Bulldogs go by a few names like British and English Bulldog. A bull baiting breed that was bred for its aggressiveness and fighting abilities has become a popular breed after their main purpose was outlawed.
Their name is a mixture of Bull which they use to bait and being a dog. That’s how they got the name Bulldog. They get the name English because they come from that part of the world.
England made the decision that bull-baiting wasn’t right and ban the activity in the 1830’s changing the course of this breed. False narrative of making bull meat tender if it was baited was something the country held strong beliefs in.
Historical documentation is dated from 1200 A.D. from England where they had strong jaws and a high pain tolerance to match. There was a long and tedious process of taking this dog from brawler to house pet.
The ancestors of todays Bulldog was bigger and longer than the ones we see now. As time progresses you see a smaller version of the dog with the same sturdy built frame.
They made their way to America in the 1880’s and found themselves as a member of the American Kennel Club a few years later.
Many dogs come from the bull stock including the French Bulldog, American Bulldog, and various types of Pit Bulls. The influence on the dog community and different types are truly unique in the dog community.
Bulldogs are one of the most popular pets in the United States. They are top 10 all the time and top five majority of the time for dog registration.
Worldwide recognition of this breed is shown in the numerous Kennel Clubs around the world that register Bulldogs. Anywhere around the world you are likely to run into an owner or breeder of the Bulldog breed.
Here is a list of Kennel Clubs that recognize English Bulldogs
- American Kennel Club (AKC)
- Australian National Kennel Council (ANKC)
- Canadian Kennel Club (CKC)
- Kennel Club United Kingdom (KC)
- New Zealand Kennel Club (NZKC)
- United Kennel Club (UKC)
Male Weight: 50-55 pounds
Female Weight: 40-50 pounds
Male Height: 12-16 inches
Female Height: 12-16 inches
Males are heavier than females most of the time. You will not see a significant difference in height because they will always be around the same.
English Bulldog litter size is around 6 to 7 on average. There are times when the momma can have 10 or more puppies and it isn’t that uncommon.
Dogs will likely have a C-Section because of the dog’s heads being too big for the mom to push out.
Those cost are expensive for the owner of the mother. In addition to the cost of the procedure they will have to help the mom with the puppies during recovery.
Overall, you will see an increase in cost due to the laborious process and care from birth to sell date.
- Fawn – brindle and white
- Red – brindle and white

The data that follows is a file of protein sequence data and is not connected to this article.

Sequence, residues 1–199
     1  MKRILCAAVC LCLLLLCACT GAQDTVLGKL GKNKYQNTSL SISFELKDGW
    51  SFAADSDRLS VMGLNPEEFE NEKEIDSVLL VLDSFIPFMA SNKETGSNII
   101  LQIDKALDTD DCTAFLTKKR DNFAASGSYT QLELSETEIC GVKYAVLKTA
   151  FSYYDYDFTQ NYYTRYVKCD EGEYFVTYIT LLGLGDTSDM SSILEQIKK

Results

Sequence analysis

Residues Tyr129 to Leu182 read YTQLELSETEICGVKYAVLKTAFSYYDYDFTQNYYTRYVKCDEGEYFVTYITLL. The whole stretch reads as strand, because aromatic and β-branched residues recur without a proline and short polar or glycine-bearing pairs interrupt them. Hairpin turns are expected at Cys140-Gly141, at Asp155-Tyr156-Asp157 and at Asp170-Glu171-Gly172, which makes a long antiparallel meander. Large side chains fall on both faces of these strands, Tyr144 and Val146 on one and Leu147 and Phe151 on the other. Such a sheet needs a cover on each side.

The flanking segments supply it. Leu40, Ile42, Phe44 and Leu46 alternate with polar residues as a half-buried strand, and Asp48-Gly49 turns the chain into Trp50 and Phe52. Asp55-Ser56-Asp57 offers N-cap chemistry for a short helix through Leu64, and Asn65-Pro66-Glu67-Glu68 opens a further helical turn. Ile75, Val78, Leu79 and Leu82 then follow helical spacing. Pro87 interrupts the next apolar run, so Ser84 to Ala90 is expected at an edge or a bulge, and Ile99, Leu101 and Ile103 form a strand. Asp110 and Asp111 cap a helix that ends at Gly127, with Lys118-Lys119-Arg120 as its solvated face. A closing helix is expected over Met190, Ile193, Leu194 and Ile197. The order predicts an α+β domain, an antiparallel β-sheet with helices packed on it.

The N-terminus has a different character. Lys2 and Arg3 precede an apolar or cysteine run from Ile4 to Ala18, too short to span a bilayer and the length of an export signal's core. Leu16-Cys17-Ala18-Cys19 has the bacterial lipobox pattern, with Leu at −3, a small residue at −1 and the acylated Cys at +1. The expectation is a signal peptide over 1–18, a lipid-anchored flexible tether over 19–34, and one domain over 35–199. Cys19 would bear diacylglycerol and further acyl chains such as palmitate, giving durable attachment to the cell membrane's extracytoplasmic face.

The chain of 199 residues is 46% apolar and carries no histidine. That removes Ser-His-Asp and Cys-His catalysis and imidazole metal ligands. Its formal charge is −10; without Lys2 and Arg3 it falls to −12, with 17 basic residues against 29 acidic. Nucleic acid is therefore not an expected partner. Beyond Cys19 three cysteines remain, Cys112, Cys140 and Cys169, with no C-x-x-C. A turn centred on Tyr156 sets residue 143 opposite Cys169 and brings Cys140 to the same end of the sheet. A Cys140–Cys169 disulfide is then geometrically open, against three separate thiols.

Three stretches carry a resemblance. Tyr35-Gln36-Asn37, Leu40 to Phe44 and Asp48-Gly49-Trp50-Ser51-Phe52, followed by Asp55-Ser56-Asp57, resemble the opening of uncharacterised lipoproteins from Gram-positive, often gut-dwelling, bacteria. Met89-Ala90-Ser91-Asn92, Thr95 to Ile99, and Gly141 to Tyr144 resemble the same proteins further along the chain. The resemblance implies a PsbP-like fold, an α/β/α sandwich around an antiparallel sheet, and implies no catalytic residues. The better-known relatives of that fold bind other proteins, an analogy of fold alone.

Different Bulldog Types
There are many types of Bulldogs
Olde English Bulldogge
You will see the price of English Bulldogs around $1,500 to $4,000 for a dog with papers. Getting a dog with papers will give you the documentation of the blood line and guarantee a high-quality puppy.
Getting a dog without a paper will be much less and you can expect to pay a few hundred dollars. The chances of inconsistent breeds will increase but you can expect to pay a lower amount that’s more affordable for most people.
Luckily the coat is short and there is no high maintenance for Bulldog grooming. You can have a dog for years without seeing a professional but here are the areas you should focus on.
- Professional Help
You can brush the coat a few times a week.
Combing isn’t necessary.
Bath them as you see fit. There is no reason to wash excessively but you can choose to put it on a schedule or just when the dog is dirty.
Keep the eyes clear of debris and dry out the water from their eyes that dries on the face.
Using our exercise method will keep the nails trim. The owner that doesn’t exercise the dog will have to cut them with clippers.
Clean the ears at least once a week.
Brush plaque off teeth and battle the buildup.
Although you don’t need any professional help you may want to take them at some point in the future just for the experience. There is no immediate pressure to take them.
The lifespan is 8-10 years which is a decent amount of time to own a dog. You can expect your dog to around for up to a decade but Bulldogs will die before or around that time.
Overheating – happens because of the size of a bulldog and the small nose. Bulldogs tend to overheat quicker than other dogs and have a hard time cooler themselves off.
Hip Dysplasia – testing the highest with the condition of the hips not fitting into the leg sockets the English Bulldog is affected the most. Get hip testing right away because 8 in every 10 tests for this condition.
Heart Disease -the second highest killer of Bulldogs is some type of cardiac event. Attacks on the heart are common and cause the Bulldog to pass away earlier than most breeds.
Obesity – is an issue because of the weight in combination with the height. Bulldogs body shape is very wide and causes them to get too heavy. Issues with weight are the reason why they are having events from heart disease.